Though cybersecurity is certainly not a new line of work in IT, this particular industry is growing even bigger than before, partly due to the continuous emergence of new threats. 

With the COVID-19 pandemic catalysing a greater lasting shift of our lives (and personal data) online, so too have hackers’ attempts to gain unauthorised access to all that data increased in frequency and intensity. It is therefore crucial for companies to keep improving their cybersecurity systems as technology advances over time. This makes cybersecurity one of the most lucrative fields in the IT industry.

In the 2021 National Budget, the Malaysian government allocated more than RM27 million for investment in the nation’s cybersecurity infrastructure alone. Likewise, the top 10 percent of available IT jobs in Malaysia are cybersecurity-related, according to HR consulting firm PERSOLKELLY.

On average, career growth for cybersecurity-related jobs tends to be three times quicker than other tech jobs. In Malaysia, the Malaysia Digital Economy Corporation (MDEC) has partnered with the international technology and information security organisation ISACA to address the lack of cybersecurity specialists in the country. Malaysia recorded only 7,866 cybersecurity knowledge workers as of 2018, and aims to grow that number to at least 20,000 by 2025. 

As cyberattack-related news continue to make headlines across the world, countermeasures and preventive measures will be key concerns among businesses of all sizes. If you are an IT professional working on web-based or web-hosted systems and applications, a working knowledge of basic cybersecurity principles will be key regardless of your area of work.  

Data Science

In the era of Big Data, companies need professionals who are able to sort through and interpret the vast amounts of data they collect from users and translate them into actionable insights. That is where data scientists/analysts and big data specialists come in.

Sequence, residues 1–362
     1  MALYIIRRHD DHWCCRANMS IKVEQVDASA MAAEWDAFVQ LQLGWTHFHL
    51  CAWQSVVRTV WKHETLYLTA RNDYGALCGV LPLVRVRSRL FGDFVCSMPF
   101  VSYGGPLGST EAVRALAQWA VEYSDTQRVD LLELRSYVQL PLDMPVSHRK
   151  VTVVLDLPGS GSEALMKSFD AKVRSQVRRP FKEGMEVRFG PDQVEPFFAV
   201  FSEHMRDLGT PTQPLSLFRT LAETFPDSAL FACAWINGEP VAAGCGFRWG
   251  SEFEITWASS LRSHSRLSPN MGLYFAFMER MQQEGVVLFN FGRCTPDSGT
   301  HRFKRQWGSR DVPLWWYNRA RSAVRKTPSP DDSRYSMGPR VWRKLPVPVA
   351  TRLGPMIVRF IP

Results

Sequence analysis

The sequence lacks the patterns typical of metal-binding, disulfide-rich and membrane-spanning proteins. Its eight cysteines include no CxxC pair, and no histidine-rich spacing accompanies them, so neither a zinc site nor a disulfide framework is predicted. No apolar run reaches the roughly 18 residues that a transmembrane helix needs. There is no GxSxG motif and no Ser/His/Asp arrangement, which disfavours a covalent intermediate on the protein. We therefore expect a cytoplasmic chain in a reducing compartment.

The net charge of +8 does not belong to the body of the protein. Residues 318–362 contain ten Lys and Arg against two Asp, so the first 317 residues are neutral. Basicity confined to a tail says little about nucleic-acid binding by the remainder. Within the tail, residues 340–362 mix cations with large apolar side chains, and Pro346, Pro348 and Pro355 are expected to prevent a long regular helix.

Data science and AI often go hand-in-hand. For instance, the demand for quantitative analysts and data scientists is growing along with machine learning and AI development at FinTech firms, investment banks, hedge funds, and other financial services providers. These experts create and maintain sophisticated models that can sort through and interpret massive amounts of financial data. Additionally, they can create data-driven trading programmes, create algorithms with quantum computing, and automate financial procedures to reduce the need for human involvement.

In Malaysia alone, there is already high demand for data science professionals. According to a report commissioned by the Malaysia Digital Economy Corp (MDEC), the big data analytics (BDA) industry in Malaysia is predicted to increase from US$1.1 billion in 2021 to US$1.9 billion (about RM7.85 billion) in 2025. 

Candidates that are keen on entering this field should be well-versed with production-level machine learning. A strong command of programming languages like R, Python, and MALLET is also required. In addition, those who are looking to enter a career in data science should also have experience working on projects that involved massive data sets and have practical knowledge with technologies like Tensorflow and Dialogflow.